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Destinyyyy
 one year ago
Solve the polynomial equation by factoring and then using the zeroproduct principle.
Destinyyyy
 one year ago
Solve the polynomial equation by factoring and then using the zeroproduct principle.

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anonymous
 one year ago
Best ResponseYou've already chosen the best response.0start by making one side 0 by subtracting 4x and 4 from both sides

anonymous
 one year ago
Best ResponseYou've already chosen the best response.0\[x^3+x^2−4x−4=0\] Now group the terms and factor out the gcf from each group \[(x^3+x^2)+(−4x−4)=0\]

anonymous
 one year ago
Best ResponseYou've already chosen the best response.0what's the gcf of x³ and x²?

anonymous
 one year ago
Best ResponseYou've already chosen the best response.0not just x. They both have x². What do you have inside the parentheses if you factor out x²?

anonymous
 one year ago
Best ResponseYou've already chosen the best response.0Not just x. There are 2 terms originally, so there will still be 2 terms after you factor. let's try it this way dw:1440773157239:dw

anonymous
 one year ago
Best ResponseYou've already chosen the best response.0Reduce the part in parentheses to get the factor

anonymous
 one year ago
Best ResponseYou've already chosen the best response.0? By adding the factions?

anonymous
 one year ago
Best ResponseYou've already chosen the best response.0no, you're not adding them, just reducing them individually. Like x³/x² = x. What's x²/x² ?

anonymous
 one year ago
Best ResponseYou've already chosen the best response.0right so x³ + x² in factored form is \[x^2(x + 1)\]

anonymous
 one year ago
Best ResponseYou've already chosen the best response.0Follow the same idea to factor \[(4x4)\] First find the gcf of 4x and 4, then divide by it to find what's left in the parentheses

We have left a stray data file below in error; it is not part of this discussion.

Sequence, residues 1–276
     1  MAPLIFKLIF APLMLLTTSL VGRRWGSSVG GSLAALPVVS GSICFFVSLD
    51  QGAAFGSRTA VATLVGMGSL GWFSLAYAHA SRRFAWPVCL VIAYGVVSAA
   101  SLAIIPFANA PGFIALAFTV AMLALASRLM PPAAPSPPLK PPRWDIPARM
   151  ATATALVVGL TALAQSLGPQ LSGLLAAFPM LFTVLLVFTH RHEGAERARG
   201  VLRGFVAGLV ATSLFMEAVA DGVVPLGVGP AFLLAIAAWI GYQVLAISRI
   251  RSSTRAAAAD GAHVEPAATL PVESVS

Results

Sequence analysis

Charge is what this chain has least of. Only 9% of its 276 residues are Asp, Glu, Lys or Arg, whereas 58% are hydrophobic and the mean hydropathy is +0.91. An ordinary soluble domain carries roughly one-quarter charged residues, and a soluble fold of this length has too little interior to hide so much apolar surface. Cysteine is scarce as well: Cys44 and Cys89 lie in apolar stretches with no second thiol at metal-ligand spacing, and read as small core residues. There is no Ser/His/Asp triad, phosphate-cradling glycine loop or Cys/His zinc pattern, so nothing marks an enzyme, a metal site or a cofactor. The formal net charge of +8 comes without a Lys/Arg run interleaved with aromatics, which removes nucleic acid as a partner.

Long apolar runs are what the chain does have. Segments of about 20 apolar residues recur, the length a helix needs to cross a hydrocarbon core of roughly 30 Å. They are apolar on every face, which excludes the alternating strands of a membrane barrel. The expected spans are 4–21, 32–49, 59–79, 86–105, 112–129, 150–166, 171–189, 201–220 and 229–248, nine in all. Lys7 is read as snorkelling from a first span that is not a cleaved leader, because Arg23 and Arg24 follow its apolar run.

anonymous
 one year ago
Best ResponseYou've already chosen the best response.0right so the whole equation is now \[x^2(x+1)4(x+1)=0\] Now we can factor out the common term (x + 1) to get \[(x+1)(x^24)=0\] And the x²  4 part can be factored using the difference of squares rule

anonymous
 one year ago
Best ResponseYou've already chosen the best response.0the difference of squares rule?

anonymous
 one year ago
Best ResponseYou've already chosen the best response.0\[a^2b^2=(ab)(a+b)\] you use it to factor when both terms are perfect squares and they are being SUBTRACTED. It doesn't work with addition. x² and 4 are both perfect squares, so x²  4 factors to (x  2)(x + 2)

anonymous
 one year ago
Best ResponseYou've already chosen the best response.0So now your equation is \[(x + 1)(x2)(x+2)=0\] Set each of those factor equal to 0 and solve for x to get your solutions

anonymous
 one year ago
Best ResponseYou've already chosen the best response.0Can you help me with another one?

anonymous
 one year ago
Best ResponseYou've already chosen the best response.0i'm actually about to leave now sorry
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